LUCKY OR SMART?: Chapter 2

Bo Peabody

Below is the second chapter of entrepreneur and VC Bo Peabody’s book, LUCKY OR SMART: Secrets For An Entrepreneurial Life.

Before you read this chapter, you might want to read a quick overview of Bo’s experience of founding his first company, Tripod: How To Start A Company In Your Dorm Room And Make $580 Million.

You might also want to read the Introduction and Chapter 1.

Chapter 2

In 1998, the persona of the “entrepreneur” — a relatively young term, coined only 150 years ago — skyrocketed into the global consciousness. Thanks in large part to companies like Ebay and Yahoo!, kids that previously would have aspired to become astronauts and doctors now wanted to be Internet entrepreneurs. At the same time, thanks to countless cable-television shows, the persona of the celebrity chef and restaurant owner – or “restaurateurs,” as they are called — was likewise capturing the imagination of the American psyche. Irrespective of the industry, starting your own business was suddenly very hip.

When I was growing up, “entrepreneur” carried roughly the same connotation as “inventor.” The word conjured images of your wacky uncle doing science experiments in his basement in search of a new species of peanut butter. But by the late nineties, “entrepreneur” meant millionaire and celebrity. And that meant that everyone wanted to be an entrepreneur. The problem is this: Very few people are entrepreneurs.

People often ask me, “When did you decide to become an entrepreneur?” I never decided to be an entrepreneur. It just happened. I started mowing lawns when I was 10. I moved to snow-blowing the driveways next to those lawns when I was thirteen. And finally on to sealcoating (sealcoat is a sticky, tar-like substance used to preserve pavement) those same driveways when I was sixteen. My logic: I had the customers, and the more distasteful, dirty, and degrading a task it was to maintain a square foot of their property, the more they were willing to pay me to do it. Pretty simple.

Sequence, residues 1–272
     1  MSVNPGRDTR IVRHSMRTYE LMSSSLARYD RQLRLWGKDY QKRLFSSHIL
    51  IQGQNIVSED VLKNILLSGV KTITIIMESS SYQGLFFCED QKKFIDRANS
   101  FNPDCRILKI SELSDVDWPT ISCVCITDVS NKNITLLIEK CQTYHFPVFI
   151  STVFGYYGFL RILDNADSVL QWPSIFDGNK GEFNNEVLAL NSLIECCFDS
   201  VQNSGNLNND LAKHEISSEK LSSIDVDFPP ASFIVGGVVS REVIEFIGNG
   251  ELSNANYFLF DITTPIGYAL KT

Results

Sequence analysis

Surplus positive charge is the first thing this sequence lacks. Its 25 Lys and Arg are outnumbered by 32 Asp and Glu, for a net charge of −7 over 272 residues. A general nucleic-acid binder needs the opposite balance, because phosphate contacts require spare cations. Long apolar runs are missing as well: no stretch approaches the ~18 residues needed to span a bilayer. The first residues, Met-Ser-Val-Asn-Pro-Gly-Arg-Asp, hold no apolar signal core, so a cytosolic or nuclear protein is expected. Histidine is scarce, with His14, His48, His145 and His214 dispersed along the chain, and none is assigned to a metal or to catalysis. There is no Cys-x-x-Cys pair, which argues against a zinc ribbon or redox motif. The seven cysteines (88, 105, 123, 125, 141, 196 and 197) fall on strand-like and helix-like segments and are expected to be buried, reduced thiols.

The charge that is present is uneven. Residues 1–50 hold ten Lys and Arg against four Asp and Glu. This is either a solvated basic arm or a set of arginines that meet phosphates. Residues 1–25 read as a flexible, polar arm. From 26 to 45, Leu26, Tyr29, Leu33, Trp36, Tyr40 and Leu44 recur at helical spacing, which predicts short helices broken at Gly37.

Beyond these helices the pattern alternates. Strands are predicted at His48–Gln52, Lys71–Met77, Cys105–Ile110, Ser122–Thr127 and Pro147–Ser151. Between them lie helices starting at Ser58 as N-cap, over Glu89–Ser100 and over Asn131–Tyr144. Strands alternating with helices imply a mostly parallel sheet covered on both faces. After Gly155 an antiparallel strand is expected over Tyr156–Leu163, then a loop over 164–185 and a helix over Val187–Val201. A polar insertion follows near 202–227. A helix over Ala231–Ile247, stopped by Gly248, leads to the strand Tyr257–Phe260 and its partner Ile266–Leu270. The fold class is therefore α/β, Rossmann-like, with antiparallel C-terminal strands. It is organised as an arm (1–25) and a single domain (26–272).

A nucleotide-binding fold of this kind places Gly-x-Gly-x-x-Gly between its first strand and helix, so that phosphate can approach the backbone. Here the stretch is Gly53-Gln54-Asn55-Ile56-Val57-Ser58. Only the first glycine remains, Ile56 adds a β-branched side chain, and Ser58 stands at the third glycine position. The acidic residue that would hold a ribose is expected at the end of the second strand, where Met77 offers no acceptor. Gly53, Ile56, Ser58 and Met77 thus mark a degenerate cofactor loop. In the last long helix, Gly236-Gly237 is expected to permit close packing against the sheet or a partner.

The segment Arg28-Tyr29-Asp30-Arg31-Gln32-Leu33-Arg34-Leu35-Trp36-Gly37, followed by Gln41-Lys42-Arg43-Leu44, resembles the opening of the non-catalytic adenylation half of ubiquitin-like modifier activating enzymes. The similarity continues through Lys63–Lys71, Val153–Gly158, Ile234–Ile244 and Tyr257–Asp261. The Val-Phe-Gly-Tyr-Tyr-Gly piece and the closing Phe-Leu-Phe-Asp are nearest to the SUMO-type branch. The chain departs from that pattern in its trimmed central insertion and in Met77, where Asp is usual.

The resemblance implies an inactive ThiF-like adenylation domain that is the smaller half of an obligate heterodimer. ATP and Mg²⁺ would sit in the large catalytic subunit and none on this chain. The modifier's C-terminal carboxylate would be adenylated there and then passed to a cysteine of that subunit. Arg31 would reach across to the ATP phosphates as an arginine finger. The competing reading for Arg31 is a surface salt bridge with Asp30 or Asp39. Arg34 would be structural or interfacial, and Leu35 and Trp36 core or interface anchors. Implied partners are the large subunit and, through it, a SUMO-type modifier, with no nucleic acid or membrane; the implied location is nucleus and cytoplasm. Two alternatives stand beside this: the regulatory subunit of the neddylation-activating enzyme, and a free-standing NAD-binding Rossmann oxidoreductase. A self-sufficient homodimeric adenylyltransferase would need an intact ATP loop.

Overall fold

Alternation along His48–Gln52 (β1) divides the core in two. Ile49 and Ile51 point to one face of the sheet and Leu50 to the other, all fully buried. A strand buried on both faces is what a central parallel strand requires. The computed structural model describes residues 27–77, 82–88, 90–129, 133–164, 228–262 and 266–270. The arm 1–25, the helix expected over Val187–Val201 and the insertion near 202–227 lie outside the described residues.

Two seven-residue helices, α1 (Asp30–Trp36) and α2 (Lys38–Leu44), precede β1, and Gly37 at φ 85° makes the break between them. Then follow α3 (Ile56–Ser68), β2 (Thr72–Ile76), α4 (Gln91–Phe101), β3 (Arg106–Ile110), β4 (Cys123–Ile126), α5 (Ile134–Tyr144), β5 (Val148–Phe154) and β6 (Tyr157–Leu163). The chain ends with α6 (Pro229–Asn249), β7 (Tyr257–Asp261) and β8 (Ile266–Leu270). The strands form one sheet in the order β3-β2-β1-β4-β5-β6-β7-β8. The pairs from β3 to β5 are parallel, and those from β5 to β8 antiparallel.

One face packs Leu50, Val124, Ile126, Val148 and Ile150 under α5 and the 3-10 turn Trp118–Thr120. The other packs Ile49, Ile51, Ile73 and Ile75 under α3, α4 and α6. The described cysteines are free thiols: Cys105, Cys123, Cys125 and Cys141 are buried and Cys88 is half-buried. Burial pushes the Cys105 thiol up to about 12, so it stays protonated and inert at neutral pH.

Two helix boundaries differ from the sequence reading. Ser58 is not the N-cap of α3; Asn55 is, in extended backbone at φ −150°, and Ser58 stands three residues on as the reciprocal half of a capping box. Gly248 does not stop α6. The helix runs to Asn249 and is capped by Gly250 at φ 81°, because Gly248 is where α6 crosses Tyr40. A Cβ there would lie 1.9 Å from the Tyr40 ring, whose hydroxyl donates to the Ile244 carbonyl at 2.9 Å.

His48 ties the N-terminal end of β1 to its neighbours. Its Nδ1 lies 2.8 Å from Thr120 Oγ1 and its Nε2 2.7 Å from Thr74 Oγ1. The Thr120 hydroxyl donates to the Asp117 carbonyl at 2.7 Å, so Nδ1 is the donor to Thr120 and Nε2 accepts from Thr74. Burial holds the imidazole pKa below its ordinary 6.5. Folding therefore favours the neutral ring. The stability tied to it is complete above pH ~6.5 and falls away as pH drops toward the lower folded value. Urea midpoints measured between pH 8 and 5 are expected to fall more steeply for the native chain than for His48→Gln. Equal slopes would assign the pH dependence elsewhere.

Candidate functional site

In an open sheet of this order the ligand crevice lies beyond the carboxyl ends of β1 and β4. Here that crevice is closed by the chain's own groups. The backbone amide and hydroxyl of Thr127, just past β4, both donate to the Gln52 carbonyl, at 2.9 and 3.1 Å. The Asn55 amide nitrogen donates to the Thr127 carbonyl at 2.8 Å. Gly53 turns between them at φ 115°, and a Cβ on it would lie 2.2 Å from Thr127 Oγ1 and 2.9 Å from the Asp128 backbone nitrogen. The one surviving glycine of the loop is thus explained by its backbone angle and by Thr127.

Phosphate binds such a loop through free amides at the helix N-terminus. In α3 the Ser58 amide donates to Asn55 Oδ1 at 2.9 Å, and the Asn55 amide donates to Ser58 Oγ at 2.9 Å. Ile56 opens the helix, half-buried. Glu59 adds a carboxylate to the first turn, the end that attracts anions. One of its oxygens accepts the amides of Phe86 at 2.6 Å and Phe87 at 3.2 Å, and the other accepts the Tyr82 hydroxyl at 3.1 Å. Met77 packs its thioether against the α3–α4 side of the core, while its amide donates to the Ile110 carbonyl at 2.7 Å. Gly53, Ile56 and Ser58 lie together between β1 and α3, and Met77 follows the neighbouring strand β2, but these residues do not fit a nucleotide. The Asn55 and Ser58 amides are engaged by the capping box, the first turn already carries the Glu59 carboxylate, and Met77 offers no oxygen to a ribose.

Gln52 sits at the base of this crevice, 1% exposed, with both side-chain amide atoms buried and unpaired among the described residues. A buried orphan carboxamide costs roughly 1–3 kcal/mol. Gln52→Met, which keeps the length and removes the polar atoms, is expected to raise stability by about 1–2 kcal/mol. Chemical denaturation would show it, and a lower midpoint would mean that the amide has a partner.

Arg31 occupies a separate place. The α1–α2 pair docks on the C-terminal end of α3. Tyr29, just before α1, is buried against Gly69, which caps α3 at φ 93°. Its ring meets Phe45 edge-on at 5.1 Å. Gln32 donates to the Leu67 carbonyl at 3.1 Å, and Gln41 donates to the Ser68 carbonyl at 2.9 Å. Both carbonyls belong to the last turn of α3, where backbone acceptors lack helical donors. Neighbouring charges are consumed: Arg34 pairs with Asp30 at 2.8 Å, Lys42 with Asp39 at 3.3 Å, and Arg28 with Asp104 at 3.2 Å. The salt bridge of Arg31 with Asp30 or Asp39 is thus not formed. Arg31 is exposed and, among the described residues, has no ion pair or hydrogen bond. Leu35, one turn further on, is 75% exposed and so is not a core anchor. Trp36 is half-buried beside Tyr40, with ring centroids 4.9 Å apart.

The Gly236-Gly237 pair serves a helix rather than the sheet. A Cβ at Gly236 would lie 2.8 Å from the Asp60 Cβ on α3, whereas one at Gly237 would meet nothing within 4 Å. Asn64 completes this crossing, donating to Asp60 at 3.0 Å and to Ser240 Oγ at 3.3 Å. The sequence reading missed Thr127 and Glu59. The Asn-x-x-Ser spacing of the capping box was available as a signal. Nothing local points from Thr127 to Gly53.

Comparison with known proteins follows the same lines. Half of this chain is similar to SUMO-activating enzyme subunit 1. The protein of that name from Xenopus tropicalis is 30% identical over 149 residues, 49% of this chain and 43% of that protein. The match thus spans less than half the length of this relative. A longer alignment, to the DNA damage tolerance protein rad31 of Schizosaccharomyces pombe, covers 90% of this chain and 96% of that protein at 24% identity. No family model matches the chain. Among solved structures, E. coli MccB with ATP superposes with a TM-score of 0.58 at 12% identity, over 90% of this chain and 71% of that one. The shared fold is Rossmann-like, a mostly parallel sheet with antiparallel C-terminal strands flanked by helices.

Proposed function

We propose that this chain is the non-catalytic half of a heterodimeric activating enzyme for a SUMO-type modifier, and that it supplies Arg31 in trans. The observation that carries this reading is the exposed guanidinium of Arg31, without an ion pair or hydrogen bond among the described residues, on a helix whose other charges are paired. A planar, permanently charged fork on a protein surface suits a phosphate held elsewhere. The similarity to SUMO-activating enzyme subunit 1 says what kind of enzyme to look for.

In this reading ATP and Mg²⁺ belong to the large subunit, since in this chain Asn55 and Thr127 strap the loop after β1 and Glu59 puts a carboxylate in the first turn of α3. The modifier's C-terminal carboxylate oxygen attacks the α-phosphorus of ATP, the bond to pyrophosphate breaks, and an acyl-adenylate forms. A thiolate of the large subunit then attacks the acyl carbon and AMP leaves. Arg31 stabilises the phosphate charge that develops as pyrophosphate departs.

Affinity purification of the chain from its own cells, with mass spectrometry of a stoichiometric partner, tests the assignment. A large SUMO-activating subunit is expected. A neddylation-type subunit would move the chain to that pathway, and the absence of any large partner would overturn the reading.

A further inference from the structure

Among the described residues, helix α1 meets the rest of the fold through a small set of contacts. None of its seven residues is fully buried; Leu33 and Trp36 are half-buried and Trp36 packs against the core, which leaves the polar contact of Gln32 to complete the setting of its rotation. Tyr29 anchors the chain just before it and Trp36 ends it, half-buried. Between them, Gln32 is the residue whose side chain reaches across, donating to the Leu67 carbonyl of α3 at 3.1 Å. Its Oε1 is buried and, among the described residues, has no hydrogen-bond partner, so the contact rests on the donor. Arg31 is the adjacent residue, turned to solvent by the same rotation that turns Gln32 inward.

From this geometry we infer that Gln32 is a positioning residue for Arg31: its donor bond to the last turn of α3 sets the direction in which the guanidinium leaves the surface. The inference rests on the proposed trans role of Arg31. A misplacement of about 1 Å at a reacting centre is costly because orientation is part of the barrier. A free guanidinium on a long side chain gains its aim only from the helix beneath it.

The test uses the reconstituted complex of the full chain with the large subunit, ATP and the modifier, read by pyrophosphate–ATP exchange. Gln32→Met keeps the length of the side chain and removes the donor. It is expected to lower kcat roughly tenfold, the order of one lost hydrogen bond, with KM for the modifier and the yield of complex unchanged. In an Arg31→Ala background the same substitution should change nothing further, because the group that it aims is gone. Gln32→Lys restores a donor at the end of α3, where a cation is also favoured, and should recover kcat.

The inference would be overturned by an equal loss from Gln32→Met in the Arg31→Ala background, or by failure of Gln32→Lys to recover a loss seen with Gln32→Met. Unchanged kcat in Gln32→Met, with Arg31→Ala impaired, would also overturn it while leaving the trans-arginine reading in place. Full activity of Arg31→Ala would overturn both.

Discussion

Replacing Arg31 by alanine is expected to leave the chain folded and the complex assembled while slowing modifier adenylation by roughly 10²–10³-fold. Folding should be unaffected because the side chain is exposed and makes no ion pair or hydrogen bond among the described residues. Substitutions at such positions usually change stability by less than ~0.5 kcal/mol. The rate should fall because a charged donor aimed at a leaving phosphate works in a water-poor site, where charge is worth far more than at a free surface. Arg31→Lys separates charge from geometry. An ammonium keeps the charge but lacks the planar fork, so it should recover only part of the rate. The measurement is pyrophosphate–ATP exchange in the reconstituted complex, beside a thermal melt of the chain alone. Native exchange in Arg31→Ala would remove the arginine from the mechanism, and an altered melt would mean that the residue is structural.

Entrepreneurs are born, not made. One does not decide to be an entrepreneur. One is an entrepreneur. Those who decide to become entrepreneurs are making the first in a long line of bad business decisions.

The most egregious example of people deciding to be entrepreneurs takes place in the restaurant business. The conventional wisdom is that anyone who can cook can open a restaurant. Simply add a few attractive college students to serve your yummy fare to the horde of salivating customers waiting at your door on opening night, and boom: Just like that, you’re in the restaurant business. Ironically, despite the fact that this is indeed the conventional wisdom, when I tell people that I’m in the restaurant business, they always say the same thing: “Wow, that’s a tough business.”

The truth is, both statements are correct: Anyone who can cook can open a restaurant, and it is a tough business. Indeed, the restaurant business is a tough business precisely because anyone can open a restaurant. Let me explain.

The restaurant business, as businesses go, is not difficult to understand and analyse. In fact, it’s quite easy. It’s one of the few businesses in which you get near-perfect data every single day on your customers’ likes and dislikes. If the customers like the scallops, leave them on the menu. If they don’t, take them off. If the customers tip the waiter well, continue to employ him. If they don’t, let him go. Pretty simple. Gathering and preparing food are the most basic tasks of humans. When we outsource those tasks, we are, like hungry infants, in a vulnerable and difficult-to-please state. Restaurant-goers are, therefore, not shy. They are all too happy to tell you what they think, and invariably, they vote with their wallets.

Compare this to the software business, where it might take two years to get a product ready for market and then another year to make the first sale. Only then, more than three years later, after your customers have been using the product for a few months in an actual business setting, will you know what they really think. Thankfully, using software is not a human’s most basic task. But for collecting feedback on a product, I’ll take the scallop situation any day.